New Noise Barrier Products & Noise Barrier Approval Research & Guidelines

Focus Area

Noise

Subcommittee

Community & Cultural Concerns, Environmental Process

Status

Archived

Cost

Under $99,000

Timeframe

Under 1 year

Research Idea Scope

TERI Administrator Note (January 2009): Funded as NCHRP Project 25-25, Task 40. Completed January 2008.
http://www.trb.org/TRBNet/ProjectDisplay.asp?ProjectID=1658

Background:
 
The cost and total quantity of noise barriers as an environmental abatement measure have increased substantially in the past decade. Since the Federal Noise Regulation was promulgated in 1970, there have been over 2,200 miles of noise barriers built at a cost of 3.4 billion dollars (in 2004 dollars) using Federal-aid funds. Noise barriers can be made from many material types, such as concrete, block, brick, wood, metal, and plastics. The number of viable materials has increased substantially over the past 36 years. A survey of existing noise barriers to address issues such as maintenance, construction, or other environmental problems would be beneficial to the State Departments of Transportation (SDOTs). Guidance for selecting material types and noise barrier manufacturers could eliminate costly problems that may arise in the future.
Currently each SDOT approves noise barrier manufacturers based on their own specific requirements. There are many sampling and testing requirements (such as noise reductions for difference frequencies, structural strength, shatter resistance, flame spread, toxicity, anti-graffiti evaluations, clear zone characteristics etc.) for State approval. The requirements are not the same for each State and vary depending on material type. Noise barrier manufacturers and several States without noise barriers have requested that the Federal Highway Administration (FHWA) standardize and provide recommended approval approval processes for the States. The FHWA noise program has always promoted flexibility for the SDOTs to design their noise programs based on cost, public desire, and other environmental considerations. A survey of the SDOT’s testing and sampling requirements would assist the SDOTs and noise barrier manufacturers with the approval process.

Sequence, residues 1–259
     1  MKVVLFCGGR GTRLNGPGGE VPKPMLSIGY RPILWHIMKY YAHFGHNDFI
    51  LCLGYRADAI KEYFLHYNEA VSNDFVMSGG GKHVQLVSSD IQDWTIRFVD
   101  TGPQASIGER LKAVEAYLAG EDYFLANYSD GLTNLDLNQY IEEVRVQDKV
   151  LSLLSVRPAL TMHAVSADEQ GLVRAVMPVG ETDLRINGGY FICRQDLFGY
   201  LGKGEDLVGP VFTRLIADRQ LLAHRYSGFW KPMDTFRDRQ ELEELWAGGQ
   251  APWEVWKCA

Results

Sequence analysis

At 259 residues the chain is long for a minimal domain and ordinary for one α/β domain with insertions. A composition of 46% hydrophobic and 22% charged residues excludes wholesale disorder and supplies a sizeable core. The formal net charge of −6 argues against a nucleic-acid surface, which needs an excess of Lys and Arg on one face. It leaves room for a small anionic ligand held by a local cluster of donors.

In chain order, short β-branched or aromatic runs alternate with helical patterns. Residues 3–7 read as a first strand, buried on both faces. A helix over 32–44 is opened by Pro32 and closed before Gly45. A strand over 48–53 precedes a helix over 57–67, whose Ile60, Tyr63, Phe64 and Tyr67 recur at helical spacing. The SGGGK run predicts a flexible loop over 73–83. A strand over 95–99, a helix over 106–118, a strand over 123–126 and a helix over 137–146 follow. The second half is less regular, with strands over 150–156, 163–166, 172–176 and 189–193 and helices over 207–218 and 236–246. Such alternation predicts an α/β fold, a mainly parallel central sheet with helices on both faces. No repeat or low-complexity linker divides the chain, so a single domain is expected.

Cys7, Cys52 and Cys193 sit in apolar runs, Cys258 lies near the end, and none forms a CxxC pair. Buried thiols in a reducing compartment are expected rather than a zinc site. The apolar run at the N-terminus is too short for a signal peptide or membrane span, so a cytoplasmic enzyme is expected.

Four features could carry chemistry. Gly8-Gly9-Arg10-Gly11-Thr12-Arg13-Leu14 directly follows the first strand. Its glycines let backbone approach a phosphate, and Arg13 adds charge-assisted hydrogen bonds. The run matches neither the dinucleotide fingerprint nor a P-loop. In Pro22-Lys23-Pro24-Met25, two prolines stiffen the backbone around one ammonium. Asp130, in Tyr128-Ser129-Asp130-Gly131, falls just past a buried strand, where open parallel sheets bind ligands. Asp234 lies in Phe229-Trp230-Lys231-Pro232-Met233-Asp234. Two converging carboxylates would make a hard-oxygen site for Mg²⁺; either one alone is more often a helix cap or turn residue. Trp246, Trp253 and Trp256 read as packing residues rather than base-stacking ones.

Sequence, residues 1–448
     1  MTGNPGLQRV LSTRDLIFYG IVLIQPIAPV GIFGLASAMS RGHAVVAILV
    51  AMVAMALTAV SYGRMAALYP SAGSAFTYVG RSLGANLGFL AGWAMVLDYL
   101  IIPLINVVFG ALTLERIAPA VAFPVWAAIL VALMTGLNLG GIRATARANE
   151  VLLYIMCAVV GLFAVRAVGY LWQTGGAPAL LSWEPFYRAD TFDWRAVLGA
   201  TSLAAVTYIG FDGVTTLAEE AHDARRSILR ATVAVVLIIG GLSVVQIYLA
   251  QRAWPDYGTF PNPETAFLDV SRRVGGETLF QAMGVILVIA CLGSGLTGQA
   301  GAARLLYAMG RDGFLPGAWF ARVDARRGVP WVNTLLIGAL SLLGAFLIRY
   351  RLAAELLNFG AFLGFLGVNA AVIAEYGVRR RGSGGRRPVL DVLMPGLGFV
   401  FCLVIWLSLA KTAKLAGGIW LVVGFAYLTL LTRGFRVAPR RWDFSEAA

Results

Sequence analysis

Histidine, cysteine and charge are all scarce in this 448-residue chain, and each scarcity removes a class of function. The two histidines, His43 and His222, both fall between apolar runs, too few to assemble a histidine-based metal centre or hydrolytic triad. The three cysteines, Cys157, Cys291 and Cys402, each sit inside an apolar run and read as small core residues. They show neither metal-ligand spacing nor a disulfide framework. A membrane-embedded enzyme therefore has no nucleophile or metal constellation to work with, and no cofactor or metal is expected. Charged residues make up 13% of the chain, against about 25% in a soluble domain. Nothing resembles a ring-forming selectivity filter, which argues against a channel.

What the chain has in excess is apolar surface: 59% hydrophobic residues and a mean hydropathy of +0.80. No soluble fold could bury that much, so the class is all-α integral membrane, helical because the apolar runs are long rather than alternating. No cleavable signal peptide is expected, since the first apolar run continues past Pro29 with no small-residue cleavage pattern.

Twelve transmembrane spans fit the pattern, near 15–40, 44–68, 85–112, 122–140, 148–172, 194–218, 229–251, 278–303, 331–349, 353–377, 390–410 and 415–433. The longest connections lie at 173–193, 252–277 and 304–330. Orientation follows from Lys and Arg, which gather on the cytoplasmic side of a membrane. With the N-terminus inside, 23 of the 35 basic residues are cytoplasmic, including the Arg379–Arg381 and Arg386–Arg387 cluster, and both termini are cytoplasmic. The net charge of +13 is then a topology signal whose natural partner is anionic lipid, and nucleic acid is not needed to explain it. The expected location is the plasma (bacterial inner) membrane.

Research Objectives:
A Survey whose results provide a description of currently available noise barrier material properties and identification of unit cost ranges. Of the materials, identify noise barrier products already approved in one or more State Departments’ of Transportation and products pending approval.
Some states are just starting with noise wall construction in their states, others are grappling with the need for durable, safe, cost effective, and aesthetically pleasing light weight materials to place on bridges, retrofit locations, and other sensitive areas. With the increasing need for capacity of state roadways and the increasing cost for materials, states need a tool to evaluate and select cost effective techniques to reduce noise and stay within financial constraints. This survey of noise barrier materials and recommended methods is meant to help states to achieve these goals.
 
Funding this effort would provide immediate benefit to multiple states.
 
Since crash testing is a large cost for noise barrier material testing and acceptance, identify alternative crash testing procedures or equivalent calculations to reduce costs but still provide safe materials within the clear zone of roadways.
 
Specific Tasks:
Proposed study tasks include:
To maintain state flexibility, but provide additional background recommendations for state staff, states need recommendations for new noise barrier product approval criteria which may include:
·         summarize how states in the US and other countries currently evaluate new noise barrier products for noise, material properties, structures, maintenance, and context sensitive design
.      Identify best practices/recommendations for new noise barrier product evaluation and approval

Suggested By

Mia Waters; Washington State Department of Transportation Mariano Berrios; Florida Department of Transportation

[email protected], [email protected]

Submitted

10/26/2006